USCIS Rejecting More Applications and Petitions if Any Questions on Forms Are Left Blank

February 28, 2020
Beata Leja

The United States Citizenship and Immigration Services (USCIS) recently began rejecting certain applications if form fields are left blank. These applications or petitions include:

  • – Form I-589, Application for Asylum and for Withholding of Removal;
  • – Form I-918, Petition for U Non immigrant Status (U visa) (along with I-918 Supplement B);
  • – I-918 Supplement A (for certain immediate relatives of U visa applicants).

The USCIS webpage for the I-918 contains the following alert:

We may reject your Form I-918 or your Form I-918 Supplement A if you leave a field blank, unless the field is optional. Optional fields include the safe mailing address as well as fields you should only complete if you answered yes to a previous question. You must provide a response to all other questions, even if the response is “none,” “unknown” or “n/a.”  We will reject a Form I-918 or a Form I-918 Supplement A that has, for example, an empty field for middle name, for current immigration status, or for information pertaining to a spouse or child. See

The webpage for the Form I-589 contains no such alert.

In practice, USCIS has been rejecting many types of applications for reasons that are trivial and petty and can only be described as a nefarious attempt to prevent people from applying for certain forms of immigration relief. This is especially problematic because these applications can be time barred.  The I-918 Supplement B, for example, which is the law enforcement certification that a crime victim is likely to be helpful in the investigation or prosecution of that activity, is only valid for six months from the date of signature or certification.

If USCIS rejects a petition due to a trivial omission, like writing “none” rather than “N/A” into the field for middle name — even when an applicant does not have a middle name — the certification may expire and the applicant may not have enough time obtain a new one. Without it, a person cannot apply for U non immigrant status, which may be the only relief for which he or she is  otherwise eligible.

In the asylum context, an application for asylum must generally be filed within one year of the applicant’s last entry in the U.S. (with limited exceptions). If a Form I-589 is rejected for not putting N/A into every field in the section for a spouse, even when marital status is checked as “single” on Page 1 and the “I am not married. (Skip to Your Children below)” box is checked on Page 2, it could render an application as untimely filed and referred to the immigration court, even when federal regulations explicitly provide exceptions. The applicant’s claim would then be heard by the immigration court rather than the asylum office resulting in higher costs and delay for the applicant.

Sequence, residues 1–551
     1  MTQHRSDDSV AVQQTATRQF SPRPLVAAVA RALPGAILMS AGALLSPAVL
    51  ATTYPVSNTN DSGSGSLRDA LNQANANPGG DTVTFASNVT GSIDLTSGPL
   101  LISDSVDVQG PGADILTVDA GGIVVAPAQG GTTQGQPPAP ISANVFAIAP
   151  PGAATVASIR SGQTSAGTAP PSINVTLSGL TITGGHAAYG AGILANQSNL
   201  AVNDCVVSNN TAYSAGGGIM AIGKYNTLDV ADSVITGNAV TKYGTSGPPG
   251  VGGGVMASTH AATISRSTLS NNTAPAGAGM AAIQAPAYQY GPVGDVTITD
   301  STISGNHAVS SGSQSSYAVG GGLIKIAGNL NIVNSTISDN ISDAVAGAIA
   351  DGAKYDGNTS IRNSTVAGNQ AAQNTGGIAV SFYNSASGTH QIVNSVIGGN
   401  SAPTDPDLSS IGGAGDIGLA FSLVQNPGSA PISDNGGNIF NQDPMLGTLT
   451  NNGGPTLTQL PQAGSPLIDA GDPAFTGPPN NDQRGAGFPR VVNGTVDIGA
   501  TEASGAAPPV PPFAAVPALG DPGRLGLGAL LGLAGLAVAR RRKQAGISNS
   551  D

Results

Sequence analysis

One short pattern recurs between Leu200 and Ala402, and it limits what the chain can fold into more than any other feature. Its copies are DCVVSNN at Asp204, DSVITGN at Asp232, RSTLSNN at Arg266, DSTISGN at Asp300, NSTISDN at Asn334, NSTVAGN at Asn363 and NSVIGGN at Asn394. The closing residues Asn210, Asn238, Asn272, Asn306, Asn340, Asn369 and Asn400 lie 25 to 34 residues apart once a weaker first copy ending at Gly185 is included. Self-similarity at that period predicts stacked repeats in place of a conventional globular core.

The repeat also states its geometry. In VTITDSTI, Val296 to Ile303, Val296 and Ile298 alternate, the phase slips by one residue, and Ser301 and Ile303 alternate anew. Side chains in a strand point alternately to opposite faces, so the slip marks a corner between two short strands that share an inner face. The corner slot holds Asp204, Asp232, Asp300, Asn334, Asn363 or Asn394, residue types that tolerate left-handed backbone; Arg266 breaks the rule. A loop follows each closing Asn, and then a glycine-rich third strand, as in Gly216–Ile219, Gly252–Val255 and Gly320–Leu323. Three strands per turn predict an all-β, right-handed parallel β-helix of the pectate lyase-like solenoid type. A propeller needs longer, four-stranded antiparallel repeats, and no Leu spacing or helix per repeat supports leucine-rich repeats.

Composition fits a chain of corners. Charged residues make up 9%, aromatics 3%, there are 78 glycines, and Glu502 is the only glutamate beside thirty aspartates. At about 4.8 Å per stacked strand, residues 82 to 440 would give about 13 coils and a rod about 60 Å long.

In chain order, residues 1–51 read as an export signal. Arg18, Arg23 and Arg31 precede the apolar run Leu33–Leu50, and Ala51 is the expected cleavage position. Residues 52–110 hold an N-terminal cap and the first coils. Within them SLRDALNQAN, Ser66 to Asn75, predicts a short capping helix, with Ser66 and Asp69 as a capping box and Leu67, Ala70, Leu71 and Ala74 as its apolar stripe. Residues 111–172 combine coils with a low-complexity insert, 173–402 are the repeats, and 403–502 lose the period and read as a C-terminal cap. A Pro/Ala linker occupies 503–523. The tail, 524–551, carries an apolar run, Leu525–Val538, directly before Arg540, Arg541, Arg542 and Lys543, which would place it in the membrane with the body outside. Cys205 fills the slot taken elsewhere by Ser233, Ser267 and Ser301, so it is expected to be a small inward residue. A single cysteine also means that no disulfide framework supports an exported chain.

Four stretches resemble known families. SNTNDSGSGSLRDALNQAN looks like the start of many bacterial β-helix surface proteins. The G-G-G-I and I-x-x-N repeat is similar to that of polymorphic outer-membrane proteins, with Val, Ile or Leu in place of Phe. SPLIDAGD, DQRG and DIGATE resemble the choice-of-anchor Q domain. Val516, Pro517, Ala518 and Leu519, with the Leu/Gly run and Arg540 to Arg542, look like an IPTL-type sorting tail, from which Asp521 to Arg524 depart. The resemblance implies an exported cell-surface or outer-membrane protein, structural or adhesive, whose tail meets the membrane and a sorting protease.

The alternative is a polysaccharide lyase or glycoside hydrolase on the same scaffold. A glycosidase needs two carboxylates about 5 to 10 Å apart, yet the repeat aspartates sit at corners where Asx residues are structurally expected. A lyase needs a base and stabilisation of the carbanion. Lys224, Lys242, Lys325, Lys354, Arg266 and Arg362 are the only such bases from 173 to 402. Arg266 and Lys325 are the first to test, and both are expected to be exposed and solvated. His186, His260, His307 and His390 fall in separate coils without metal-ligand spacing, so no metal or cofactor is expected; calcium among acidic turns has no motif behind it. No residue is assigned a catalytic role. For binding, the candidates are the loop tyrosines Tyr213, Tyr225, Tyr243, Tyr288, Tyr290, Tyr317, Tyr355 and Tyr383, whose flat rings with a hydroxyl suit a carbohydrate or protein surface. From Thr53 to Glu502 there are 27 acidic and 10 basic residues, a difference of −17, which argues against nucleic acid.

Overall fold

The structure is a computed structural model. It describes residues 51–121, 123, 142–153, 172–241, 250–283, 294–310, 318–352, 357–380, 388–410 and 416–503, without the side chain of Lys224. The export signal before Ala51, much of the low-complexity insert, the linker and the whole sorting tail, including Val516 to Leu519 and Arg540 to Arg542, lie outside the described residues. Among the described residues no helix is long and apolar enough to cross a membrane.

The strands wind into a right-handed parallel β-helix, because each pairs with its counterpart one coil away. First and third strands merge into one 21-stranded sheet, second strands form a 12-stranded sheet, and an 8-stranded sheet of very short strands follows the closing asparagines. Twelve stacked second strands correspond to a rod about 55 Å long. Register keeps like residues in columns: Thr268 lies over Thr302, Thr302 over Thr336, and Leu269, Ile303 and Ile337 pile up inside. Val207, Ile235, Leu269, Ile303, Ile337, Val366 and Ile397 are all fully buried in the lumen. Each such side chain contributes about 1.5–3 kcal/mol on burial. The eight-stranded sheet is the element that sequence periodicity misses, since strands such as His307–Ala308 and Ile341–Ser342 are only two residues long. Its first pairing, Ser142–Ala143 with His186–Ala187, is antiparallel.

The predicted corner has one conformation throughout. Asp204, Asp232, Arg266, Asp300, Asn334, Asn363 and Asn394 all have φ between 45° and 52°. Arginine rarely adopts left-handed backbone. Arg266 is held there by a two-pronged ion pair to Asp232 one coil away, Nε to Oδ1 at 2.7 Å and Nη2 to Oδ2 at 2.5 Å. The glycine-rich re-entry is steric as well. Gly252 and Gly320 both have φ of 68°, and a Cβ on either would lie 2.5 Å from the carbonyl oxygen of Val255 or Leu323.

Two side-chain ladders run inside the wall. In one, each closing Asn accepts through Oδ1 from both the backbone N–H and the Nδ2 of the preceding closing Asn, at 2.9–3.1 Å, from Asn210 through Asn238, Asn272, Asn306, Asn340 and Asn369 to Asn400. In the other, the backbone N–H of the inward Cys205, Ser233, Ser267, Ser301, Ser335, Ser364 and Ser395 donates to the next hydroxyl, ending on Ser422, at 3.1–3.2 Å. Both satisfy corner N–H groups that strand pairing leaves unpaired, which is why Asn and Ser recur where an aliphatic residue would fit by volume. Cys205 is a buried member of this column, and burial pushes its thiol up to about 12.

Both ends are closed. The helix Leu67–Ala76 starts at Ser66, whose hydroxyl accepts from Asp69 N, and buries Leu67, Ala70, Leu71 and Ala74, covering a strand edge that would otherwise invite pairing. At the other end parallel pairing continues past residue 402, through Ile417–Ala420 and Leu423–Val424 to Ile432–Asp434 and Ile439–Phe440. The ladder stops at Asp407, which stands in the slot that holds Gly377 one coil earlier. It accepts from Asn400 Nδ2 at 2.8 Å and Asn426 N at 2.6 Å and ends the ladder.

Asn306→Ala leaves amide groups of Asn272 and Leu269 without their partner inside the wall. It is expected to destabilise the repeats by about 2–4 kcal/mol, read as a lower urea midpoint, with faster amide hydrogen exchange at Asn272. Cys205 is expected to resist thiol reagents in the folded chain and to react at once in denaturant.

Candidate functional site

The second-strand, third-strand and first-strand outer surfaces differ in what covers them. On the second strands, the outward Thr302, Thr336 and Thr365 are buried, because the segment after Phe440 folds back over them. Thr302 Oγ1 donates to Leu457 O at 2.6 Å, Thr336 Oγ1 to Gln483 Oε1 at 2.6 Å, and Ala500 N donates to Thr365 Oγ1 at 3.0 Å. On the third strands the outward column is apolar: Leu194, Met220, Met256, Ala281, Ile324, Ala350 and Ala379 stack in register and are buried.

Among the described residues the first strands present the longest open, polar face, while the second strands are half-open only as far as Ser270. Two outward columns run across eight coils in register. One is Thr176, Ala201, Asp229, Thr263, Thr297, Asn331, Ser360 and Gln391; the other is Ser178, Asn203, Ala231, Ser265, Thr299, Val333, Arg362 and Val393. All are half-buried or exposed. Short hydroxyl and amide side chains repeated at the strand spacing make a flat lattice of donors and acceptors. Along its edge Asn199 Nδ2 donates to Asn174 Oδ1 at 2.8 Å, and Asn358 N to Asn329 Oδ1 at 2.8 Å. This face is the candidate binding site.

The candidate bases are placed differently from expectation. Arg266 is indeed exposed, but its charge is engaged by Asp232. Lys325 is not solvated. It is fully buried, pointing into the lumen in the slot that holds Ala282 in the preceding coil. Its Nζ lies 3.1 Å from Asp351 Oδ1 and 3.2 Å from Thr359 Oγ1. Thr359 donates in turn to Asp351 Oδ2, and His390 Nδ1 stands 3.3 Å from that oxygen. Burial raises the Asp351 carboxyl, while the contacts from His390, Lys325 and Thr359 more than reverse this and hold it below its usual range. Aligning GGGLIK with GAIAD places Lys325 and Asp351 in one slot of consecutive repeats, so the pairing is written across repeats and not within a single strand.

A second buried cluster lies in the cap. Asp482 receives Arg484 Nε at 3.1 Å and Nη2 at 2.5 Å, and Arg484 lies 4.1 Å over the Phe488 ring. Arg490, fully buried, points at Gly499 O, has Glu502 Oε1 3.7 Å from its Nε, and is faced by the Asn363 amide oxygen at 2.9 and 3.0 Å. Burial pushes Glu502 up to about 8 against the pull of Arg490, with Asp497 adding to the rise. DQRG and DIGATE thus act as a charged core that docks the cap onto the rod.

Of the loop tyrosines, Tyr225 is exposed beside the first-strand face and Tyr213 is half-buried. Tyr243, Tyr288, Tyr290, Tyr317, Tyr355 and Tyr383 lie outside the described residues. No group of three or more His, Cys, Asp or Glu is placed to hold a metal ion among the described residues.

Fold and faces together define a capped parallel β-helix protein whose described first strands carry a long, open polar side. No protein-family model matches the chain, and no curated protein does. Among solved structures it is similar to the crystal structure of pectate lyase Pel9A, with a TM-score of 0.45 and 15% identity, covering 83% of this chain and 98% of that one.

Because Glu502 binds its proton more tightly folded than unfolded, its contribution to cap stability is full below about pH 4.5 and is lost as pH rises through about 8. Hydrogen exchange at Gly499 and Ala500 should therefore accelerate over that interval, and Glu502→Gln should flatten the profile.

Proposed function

In conclusion, USCIS has a new policy of rejecting certain applications and petitions, and the other forms that go with them, for trivial omissions or because “none” is answered instead of “N/A” and vice versa. This policy includes applications by asylum seekers and victims of crime applying for U nonimmigrant status, which happen to be some of the individuals most vulnerable to deportation. Given the constant and ongoing policy changes at USCIS and the various immigration related agencies, it is essential that prospective applicants consult with an experienced and qualified immigration attorney.

Please contact Minsky McCormick & Hallagan, P.C. to schedule a consultation with one of our experienced immigration attorneys.

The material contained in this alert does not constitute direct legal advice and is for informational purposes only. An attorney-client relationship is not presumed or intended by receipt or review of this presentation. The information provided should never replace informed counsel when specific immigration-related guidance is needed.

© 2023 Minsky, McCormick & Hallagan, P.C. All rights reserved. Information may not be reproduced, displayed, modified, or distributed without the express prior written permission of Minsky, McCormick & Hallagan, P.C.

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